“Shaping the Future of Education: Exploring the Potential and Consequences of AI and ChatGPT in Educational Settings” by Simone Grassini is a well-researched, concise but comprehensive overview of the state of play for generative AI (GAI) in education. It gives a very good overview of current uses, by faculty and students, and provides a thoughtful discussion of issues and concerns arising. It addresses technical, ethical, and pragmatic concerns across a broad spectrum. If you want a great summary of where we are now, with tons of research-informed suggestions as to what to do about it, this is a very worthwhile read.
However, underpinning much of the discussion is an implied (and I suspect unintentional) assumption that education is primarily concerned with achieving and measuring explicit specified outcomes. This is particularly obvious in the discussions of ways GAIs can “assist” with instruction. I have a problem with that.
There has been an increasing trend in recent decades towards the mechanization of education: modularizing rather than integrating, measuring what can be easily measured, creating efficiencies, focusing on an end goal of feeding industry, and so on. It has resulted in a classic case of the McNamara Fallacy, that starts with a laudable goal of measuring success, as much as we are able, and ends with that measure defining success, to the exclusion anything we do not or cannot measure. Learning becomes the achievement of measured outcomes.
It is true that consistent, measurable, hard techniques must be learned to achieve almost anything in life, and that it takes sustained effort and study to achieve most of them that educators can and should help with. Measurable learning outcomes and what we do with them matter. However, the more profound and, I believe, the more important ends of education, regardless of the subject, are concerned with ways of being in the world, with other humans. It is the tacit curriculum that ultimately matters more: how education affects the attitudes, the values, the ways we can adapt, how we can create, how we make connections, pursue our dreams, live fulfilling lives, engage with our fellow humans as parts of cultures and societies.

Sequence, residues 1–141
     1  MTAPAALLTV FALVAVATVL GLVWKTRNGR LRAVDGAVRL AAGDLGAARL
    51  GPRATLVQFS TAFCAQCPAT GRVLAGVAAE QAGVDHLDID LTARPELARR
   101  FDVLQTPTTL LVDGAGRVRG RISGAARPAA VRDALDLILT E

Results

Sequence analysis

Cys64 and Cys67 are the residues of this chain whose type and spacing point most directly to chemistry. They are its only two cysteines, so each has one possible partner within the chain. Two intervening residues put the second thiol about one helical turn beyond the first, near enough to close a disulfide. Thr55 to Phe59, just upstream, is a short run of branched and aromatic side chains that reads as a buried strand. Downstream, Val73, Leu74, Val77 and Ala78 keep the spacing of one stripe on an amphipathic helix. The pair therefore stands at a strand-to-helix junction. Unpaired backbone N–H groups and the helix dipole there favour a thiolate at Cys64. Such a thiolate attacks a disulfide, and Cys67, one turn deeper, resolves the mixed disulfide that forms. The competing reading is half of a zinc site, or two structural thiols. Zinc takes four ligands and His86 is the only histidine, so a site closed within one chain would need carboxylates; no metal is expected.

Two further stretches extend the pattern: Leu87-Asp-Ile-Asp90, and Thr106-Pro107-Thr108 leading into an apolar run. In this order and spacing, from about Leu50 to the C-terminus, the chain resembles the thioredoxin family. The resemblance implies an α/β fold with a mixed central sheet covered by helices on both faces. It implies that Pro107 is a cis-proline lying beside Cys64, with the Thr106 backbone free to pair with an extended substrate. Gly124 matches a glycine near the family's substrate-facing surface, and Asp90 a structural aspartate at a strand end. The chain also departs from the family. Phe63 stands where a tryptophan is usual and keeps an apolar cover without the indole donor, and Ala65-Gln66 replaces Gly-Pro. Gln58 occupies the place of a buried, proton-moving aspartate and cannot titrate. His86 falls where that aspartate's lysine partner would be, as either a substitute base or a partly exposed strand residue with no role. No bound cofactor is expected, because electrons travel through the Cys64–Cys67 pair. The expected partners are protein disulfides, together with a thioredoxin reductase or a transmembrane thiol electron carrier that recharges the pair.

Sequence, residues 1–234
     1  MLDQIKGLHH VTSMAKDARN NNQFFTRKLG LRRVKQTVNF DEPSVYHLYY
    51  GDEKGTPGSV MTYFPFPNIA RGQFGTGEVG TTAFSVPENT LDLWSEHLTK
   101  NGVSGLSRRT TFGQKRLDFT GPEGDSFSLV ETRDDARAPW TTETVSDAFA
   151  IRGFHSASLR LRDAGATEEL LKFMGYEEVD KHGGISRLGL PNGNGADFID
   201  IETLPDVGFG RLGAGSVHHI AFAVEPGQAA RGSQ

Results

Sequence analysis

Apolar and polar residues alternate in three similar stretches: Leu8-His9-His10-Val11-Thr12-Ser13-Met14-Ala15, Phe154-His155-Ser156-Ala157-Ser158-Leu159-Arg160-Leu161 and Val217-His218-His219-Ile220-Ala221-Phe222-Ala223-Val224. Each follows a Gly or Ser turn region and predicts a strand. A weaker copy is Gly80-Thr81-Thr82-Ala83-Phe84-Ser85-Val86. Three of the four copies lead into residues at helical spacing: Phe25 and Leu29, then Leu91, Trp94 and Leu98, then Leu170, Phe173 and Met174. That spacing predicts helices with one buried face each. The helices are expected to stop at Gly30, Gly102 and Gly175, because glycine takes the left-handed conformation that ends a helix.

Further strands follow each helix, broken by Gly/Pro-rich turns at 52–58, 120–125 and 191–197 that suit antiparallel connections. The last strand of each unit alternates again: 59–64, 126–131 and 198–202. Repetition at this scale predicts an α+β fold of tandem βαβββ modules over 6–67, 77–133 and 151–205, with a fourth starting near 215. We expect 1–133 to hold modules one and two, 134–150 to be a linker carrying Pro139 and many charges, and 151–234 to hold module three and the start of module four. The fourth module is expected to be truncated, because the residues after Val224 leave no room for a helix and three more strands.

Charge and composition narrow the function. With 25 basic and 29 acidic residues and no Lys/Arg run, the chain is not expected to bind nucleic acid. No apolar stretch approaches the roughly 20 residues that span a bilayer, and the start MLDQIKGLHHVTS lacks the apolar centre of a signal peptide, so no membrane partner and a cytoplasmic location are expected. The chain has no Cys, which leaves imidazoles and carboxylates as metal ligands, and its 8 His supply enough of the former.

By definition, the tacit curriculum cannot be meaningfully expressed in learning outcomes or measured on a uniform scale. It can be expressed only obliquely, if it can be expressed at all, in words. It is largely emergent and relational, expressed in how we are, interacting with one another, not as measurable functions that describe what we can do. It is complex, situated, and idiosyncratic. It is about learning to be human, not achieving credentials.
Returning to the topic of AI, to learn to be human from a blurry JPEG of the web, or autotune for knowledge, especially given the fact that training sets will increasingly be trained on the output of earlier training sets, seems to me to be a very bad idea indeed.
The real difficulty that teachers face is not that students solve the problems set to them using large language models, but that in so doing they bypass the process, thus avoiding the tacit learning outcomes we cannot or choose not to measure. And the real difficulty that those students face is that, in delegating the teaching process to an AI, their teachers are bypassing the teaching process, thus failing to support the learning of those tacit outcomes or, at best, providing an averaged-out caricature of them. If we heedlessly continue along this path, it will wind up with machines teaching machines, with humans largely playing the roles of cogs and switches in them.